As it came down to the wire, Wainright seemed largely unbothered leading up to decision day. By the time his last two games of eligibility had rolled around right before All-Star weekend, Wainright had taken the lessons his father taught him to heart.

“My dad taught me a lot,” Wainright explained. “He said a lot to me, so that’s another thing: Control what you can control. I can’t control what other people think, I can only control myself — my thoughts my actions and my words and stuff like that. I can control that.”

Wainright failed to score in those two games before the break, but he had already done enough to secure his future. Despite his mundane averages of 4.4 points and 2.1 rebounds in 15.5 minutes per game on .388/.341/.826 shooting splits, the 28-year-old has come on strong lately, tallying 10, 13 and 17 points off the bench in three of his last five games.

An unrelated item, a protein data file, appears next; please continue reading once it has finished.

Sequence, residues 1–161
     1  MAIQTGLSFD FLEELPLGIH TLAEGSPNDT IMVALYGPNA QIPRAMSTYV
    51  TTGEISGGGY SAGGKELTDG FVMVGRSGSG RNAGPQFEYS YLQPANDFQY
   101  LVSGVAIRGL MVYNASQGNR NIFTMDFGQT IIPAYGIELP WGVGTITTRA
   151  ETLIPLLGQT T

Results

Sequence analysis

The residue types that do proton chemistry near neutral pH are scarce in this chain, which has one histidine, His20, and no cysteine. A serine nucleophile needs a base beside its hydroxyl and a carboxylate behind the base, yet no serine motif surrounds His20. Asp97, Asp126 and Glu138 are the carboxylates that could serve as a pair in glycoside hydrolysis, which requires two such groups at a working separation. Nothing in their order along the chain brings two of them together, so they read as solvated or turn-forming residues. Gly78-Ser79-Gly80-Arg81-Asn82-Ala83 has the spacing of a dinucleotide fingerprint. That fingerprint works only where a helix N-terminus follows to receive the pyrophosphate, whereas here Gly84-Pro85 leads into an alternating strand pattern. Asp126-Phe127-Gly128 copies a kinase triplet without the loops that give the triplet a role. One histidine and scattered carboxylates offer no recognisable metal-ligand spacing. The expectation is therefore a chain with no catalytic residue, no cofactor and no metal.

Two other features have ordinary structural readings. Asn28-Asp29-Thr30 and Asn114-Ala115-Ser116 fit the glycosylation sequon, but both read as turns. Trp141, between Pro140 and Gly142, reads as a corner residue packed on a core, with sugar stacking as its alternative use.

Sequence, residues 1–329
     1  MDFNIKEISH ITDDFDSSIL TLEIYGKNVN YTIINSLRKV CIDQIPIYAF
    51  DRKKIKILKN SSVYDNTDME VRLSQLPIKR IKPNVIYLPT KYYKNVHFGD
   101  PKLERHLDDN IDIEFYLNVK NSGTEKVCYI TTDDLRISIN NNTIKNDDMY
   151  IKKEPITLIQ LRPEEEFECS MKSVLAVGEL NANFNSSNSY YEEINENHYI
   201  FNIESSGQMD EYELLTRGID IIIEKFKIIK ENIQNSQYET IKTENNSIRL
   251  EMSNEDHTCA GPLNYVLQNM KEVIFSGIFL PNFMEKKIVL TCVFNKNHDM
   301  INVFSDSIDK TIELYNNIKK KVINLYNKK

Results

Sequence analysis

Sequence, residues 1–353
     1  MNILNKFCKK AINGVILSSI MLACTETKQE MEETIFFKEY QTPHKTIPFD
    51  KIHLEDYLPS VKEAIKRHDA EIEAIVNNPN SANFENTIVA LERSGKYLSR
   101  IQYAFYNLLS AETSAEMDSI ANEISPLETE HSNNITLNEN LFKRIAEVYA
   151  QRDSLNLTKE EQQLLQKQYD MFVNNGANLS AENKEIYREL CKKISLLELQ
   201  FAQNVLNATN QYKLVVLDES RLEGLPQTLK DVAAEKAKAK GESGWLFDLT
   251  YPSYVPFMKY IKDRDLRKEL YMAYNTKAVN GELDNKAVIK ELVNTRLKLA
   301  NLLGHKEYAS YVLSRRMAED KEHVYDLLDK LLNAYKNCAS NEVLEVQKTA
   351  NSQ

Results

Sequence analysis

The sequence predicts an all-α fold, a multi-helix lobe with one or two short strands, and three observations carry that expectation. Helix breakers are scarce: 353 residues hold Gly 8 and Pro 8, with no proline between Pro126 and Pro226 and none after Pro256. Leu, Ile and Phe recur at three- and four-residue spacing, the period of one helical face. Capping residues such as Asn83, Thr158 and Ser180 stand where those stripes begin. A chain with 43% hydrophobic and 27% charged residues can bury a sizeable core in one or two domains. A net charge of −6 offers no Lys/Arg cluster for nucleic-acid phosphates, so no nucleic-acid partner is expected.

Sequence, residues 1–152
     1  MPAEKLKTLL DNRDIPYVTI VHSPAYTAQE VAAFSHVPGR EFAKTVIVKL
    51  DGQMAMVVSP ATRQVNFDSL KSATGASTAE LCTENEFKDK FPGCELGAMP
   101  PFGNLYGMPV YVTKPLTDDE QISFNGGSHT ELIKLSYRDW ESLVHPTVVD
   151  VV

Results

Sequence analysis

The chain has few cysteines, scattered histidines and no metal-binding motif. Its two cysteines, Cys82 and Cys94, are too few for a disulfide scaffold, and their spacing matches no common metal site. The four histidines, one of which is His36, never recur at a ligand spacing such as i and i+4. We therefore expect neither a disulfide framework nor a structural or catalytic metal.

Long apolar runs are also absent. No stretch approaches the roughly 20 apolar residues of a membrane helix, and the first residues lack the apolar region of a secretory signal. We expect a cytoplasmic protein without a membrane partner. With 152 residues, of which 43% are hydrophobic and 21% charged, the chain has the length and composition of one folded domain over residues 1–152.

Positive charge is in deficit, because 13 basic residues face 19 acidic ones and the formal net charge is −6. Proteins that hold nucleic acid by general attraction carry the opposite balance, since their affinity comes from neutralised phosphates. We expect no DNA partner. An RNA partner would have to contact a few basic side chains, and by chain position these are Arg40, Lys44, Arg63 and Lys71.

On Friday, his 10 points on 3-of-6 shooting (including 2-of-5 from deep) spoke to the immense progress he’s made over the last year in Phoenix.

“It is player development, but it’s the player committing to the development,” Williams said. “You can come into the gym and just jack up shots and do your job and collect the check, or you can be intentional about it. Our guys have been that way since we’ve been here, and so it speaks to the kinds of players that we have.”

Cam Payne, who’s been there before when it comes to waiting around anxiously for an NBA team to hand out a new contract, said Wainright has earned his opportunity.

“He don’t know if he’s gonna play, but he stay ready,” Payne said. “That’s big-time. A lot of guys don’t do that. A lot of guys will be like, ‘Man, I ain’t playing’ and come late to workout, just do anything. Ish is a top-tier, lead by example kind of guy. He out there on the court early, he get his shots in. He writes on his shoes, ‘stay ready,’ and that’s everything for him.”